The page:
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The low clouds are like fog banks around the Andean peak. It is early morning. I have traveled thousands of miles, halfway around the earth, to these high altitudes where the air is thin. For five long years I have waited to get here, since I first learned about the indigenous people’s beautiful and timeless wisdom.
I am standing here looking at one of the most beautiful and mysterious places in the world, Machu Picchu, the Inca’s secret city, while cold pricks my face and the fog only occasionally lets me glimpse the greatness of the place. I am here to start my journey into the Andean tra- dition, to learn to “see” with all my senses. And I increase my attention and listen to my instructor.
“We live in Kausay Pacha – the world of living energy. Everything in the universe is living and mutually connected - from the smallest creature on earth to the stars in the sky. “Kausay” means abundance and “Pacha” means living, and for these people, the name of our planet and our universe is “the world of living abundance.”
He continues by saying this belief or worldview is the opposite of how we Westerners experience and define the world. Deep in our subconscious, we perceive the world as a place where there is not enough, where there are shortages – in other words, a flawed place. The starting point in life tends to create personalities that are ego-centric or even selfish. We become anxious when it appears to us that our needs cannot be met, and we are ready to fight to ensure we get what we think we deserve.
In other words: if you think the world is inadequate, you will probably fight to get what you need. You will use your skills and power to control the world to get what you want. This perception is the key to how we position ourselves in the world: do we experience our- selves as one, or are we apart from the whole?
My teacher continues. “Like all creatures, humans are created as an image of the whole. Everything living is whole and exists only by virtue of the divine energy that brought it to life. This means we are born with divine potential. Every person is born whole and can grow and manifest himself in his own unique beauty – his own part of the universe’s divine oneness.”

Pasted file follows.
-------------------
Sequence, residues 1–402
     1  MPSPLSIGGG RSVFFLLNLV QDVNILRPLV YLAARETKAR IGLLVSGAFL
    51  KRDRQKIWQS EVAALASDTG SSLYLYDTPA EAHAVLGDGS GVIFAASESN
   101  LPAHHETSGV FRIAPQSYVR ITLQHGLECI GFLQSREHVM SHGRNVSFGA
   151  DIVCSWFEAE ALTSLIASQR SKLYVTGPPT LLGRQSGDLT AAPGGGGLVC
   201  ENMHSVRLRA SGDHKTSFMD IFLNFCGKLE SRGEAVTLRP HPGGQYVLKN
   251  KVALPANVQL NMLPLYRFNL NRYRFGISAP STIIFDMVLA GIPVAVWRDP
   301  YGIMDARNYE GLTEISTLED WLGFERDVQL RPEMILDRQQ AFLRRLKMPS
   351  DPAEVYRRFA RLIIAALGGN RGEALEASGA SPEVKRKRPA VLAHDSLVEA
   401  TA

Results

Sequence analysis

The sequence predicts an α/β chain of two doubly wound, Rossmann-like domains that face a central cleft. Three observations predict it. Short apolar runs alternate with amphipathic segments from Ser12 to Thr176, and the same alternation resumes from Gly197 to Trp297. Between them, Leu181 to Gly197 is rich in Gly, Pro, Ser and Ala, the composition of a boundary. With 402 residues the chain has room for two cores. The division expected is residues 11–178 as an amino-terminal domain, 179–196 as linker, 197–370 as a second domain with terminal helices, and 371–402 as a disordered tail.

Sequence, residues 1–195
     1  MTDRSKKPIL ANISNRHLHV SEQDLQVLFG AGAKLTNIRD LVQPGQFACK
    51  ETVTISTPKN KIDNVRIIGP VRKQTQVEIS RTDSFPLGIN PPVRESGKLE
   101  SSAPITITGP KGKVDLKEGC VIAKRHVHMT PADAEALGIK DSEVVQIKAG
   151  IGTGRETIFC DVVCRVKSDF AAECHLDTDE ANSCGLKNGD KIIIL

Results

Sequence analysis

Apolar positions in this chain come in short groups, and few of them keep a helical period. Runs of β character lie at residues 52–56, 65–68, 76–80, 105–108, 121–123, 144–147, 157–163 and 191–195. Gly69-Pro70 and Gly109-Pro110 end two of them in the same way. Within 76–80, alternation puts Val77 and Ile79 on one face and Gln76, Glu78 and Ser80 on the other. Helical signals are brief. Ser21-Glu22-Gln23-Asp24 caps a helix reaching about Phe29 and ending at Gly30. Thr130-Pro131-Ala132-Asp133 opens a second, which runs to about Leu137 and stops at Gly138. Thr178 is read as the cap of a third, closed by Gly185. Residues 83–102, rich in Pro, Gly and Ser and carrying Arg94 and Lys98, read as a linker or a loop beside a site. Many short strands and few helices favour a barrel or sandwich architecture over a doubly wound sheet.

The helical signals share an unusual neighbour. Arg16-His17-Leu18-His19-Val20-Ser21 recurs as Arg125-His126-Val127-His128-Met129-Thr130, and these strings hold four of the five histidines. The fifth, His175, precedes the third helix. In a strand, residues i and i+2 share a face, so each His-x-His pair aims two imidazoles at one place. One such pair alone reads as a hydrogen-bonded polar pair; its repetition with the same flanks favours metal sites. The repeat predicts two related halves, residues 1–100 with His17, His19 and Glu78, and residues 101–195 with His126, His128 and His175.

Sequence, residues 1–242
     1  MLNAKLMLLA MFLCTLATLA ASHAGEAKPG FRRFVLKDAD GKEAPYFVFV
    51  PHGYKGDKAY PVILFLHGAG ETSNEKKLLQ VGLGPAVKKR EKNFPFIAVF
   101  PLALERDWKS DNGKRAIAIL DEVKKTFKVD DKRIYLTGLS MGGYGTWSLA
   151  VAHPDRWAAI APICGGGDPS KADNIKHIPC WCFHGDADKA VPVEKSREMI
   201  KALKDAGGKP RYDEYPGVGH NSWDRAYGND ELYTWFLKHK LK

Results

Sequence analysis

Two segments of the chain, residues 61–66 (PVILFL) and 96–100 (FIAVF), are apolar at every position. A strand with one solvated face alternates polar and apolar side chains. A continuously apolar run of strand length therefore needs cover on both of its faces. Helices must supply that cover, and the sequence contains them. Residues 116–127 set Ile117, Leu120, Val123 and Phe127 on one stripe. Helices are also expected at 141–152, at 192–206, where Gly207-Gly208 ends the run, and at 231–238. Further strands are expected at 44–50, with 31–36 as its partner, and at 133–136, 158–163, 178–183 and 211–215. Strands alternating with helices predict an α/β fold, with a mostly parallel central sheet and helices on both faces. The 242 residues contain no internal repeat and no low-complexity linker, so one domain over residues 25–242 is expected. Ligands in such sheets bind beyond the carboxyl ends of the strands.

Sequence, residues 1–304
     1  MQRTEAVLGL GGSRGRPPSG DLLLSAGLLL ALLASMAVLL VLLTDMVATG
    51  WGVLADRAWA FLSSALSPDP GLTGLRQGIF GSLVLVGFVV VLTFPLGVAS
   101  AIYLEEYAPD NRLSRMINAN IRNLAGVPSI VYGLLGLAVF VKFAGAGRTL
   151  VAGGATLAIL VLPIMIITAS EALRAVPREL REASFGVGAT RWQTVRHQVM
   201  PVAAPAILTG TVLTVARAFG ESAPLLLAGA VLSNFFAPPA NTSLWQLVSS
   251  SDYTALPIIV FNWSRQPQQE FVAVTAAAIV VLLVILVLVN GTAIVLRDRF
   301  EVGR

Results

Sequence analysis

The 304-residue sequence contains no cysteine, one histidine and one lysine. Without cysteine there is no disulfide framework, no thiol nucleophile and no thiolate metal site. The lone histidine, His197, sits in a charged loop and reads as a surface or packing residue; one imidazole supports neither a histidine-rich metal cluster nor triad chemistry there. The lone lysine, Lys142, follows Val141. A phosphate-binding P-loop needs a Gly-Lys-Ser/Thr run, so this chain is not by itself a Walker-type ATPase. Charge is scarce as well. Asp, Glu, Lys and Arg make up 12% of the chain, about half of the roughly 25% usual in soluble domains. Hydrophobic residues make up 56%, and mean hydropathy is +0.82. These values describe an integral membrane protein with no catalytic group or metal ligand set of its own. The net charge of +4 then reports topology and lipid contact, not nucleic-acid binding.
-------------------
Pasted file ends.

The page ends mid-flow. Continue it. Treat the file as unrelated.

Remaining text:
In this conviction lies another powerful key; In the Western world, our cultural and religious convictions instill a belief that we are sinful, because we were thrown out of the Garden in ancient times after sinning. As a result, every person born is subconsciously regarded as a sinner who must make an effort to deserve a place here. How can we ever rely on ourselves and our inner strength when, at a deep subconscious level, we perceive ourselves as wrong, sinful, outside the whole and absolutely not divine?
The morning air suddenly becomes thinner and colder. I consider myself a free, democratic and holistic woman, and I have traveled a long road to learn how to create more balance in the part of the world that I live in and love. In my mind, I know what he is describing are great, easily understood truths. How hard can it be? Have I really traveled so far to receive such simple wisdom? And what shall I do the rest of the time? Could it be that simple? When I understand it with my fine attributes and skills, why not?